Diego Trujillo's machine combines Cold War paranoia with NSA secrets – and blows them both up
It's no longer a tinhat theory to assume that your government is watching your every move, although Mexican artist Diego Trujillo might be taking the paranoia to a whole new level in his latest work, "This Tape Will Self Destruct". Inspired by Cold War documents and contemporary surveillance culture, Trujillo has created a machine that prints Soviet spy fiction and imagery with the leaked NSA files – and then blows them up in front of you in an exothermic reaction. We spoke to Trujillo about secrecy in the Information Age.
How difficult is it to build a self-destructing printer?
Diego Trujillo: Very difficult, it took a lot of work, research and testing to get it to a working state, even after a year of working on it there are still things I'd like to improve about it. But I gues that's the nature of most electronic artworks, you can keep working on them forever.
Do you think we’re not concerned enough about the fact that everything we say online is being recorded forever?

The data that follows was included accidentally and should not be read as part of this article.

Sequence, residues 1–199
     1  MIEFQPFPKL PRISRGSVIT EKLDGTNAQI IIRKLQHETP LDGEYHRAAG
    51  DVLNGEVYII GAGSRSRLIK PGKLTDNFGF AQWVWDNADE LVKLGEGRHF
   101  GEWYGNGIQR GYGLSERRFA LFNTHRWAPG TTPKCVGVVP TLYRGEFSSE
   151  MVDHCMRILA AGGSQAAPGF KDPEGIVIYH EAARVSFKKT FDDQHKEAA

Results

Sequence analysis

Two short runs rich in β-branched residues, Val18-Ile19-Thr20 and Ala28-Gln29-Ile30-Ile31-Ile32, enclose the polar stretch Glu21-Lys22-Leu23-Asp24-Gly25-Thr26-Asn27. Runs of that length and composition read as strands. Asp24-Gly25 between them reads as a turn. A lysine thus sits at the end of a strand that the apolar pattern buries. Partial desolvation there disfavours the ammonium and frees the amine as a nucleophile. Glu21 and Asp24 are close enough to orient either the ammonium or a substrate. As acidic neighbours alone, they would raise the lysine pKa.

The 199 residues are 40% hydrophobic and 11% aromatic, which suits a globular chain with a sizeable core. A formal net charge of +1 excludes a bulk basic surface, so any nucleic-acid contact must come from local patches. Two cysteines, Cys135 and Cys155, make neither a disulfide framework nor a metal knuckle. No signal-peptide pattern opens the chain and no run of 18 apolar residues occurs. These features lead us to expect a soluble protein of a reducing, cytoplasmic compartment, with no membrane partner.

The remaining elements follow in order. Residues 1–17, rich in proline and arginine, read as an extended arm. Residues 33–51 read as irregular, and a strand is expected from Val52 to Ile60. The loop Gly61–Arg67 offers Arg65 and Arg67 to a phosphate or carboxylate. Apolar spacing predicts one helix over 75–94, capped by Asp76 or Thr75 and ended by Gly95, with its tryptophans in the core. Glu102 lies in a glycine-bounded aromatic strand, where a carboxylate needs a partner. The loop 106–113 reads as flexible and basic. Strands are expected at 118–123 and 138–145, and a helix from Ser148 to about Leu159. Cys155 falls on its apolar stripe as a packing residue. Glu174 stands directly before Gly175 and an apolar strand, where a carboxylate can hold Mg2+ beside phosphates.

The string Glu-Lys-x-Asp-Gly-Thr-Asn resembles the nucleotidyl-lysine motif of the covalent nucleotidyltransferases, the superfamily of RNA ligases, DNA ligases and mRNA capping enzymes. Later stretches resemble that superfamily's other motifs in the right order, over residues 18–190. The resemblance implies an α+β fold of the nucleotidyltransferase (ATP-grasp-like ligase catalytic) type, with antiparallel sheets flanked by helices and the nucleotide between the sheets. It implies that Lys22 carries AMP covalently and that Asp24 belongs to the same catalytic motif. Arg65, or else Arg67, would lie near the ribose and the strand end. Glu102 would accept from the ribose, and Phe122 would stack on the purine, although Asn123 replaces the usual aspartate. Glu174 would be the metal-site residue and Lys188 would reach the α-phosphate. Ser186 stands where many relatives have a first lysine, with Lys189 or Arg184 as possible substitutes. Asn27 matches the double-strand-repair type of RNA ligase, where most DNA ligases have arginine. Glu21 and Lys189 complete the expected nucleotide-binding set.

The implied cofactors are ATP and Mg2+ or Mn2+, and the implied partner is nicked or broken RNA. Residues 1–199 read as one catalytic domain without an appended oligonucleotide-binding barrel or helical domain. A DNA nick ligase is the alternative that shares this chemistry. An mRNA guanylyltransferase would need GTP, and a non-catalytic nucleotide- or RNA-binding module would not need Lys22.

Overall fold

Diego Trujillo: The project isn't so much about things being stored forever, it isn't an alternative to Snapchat. The thing I don't think we're thinking enough about is government secrecy in democracies that claim to be transparent, that's what the project aims to get at, the contemporary notions of unanswerable government secrecy and it's uncanny resemblance to how agents in Cold War fictions were depicted. I feel that as tax payers participating in democratic activities we should demand more of an explanation when things are kept secret from us.
Do you worry about the future of information?
Diego Trujillo: I do worry about information being captured without consent. It's perfectly fine for Facebook to store my data if I agree to use their service, this is a voluntary action where I agree to give my information in exchange for that service. What worries me is the lack of agency when information about people is gathered without their consent, especially when decisions get made based on that information.
Have there been any images or pieces of text that have come out of the printer that you’ve wished you could keep?
Diego Trujillo: Not really, everything that I print on that machine has been designed and curated to be destroyed so there isn't anything there I'd like to keep.
Does it have a "this message will self destruct" audio messages that plays every time something is printed? If not, it should have.
Diego Trujillo: Haha, no it has an LED that blinks rapidly instead, it blinks at a soothing rhythm (about once per second) when it's ready to print and much faster once the print out is about to self-destruct.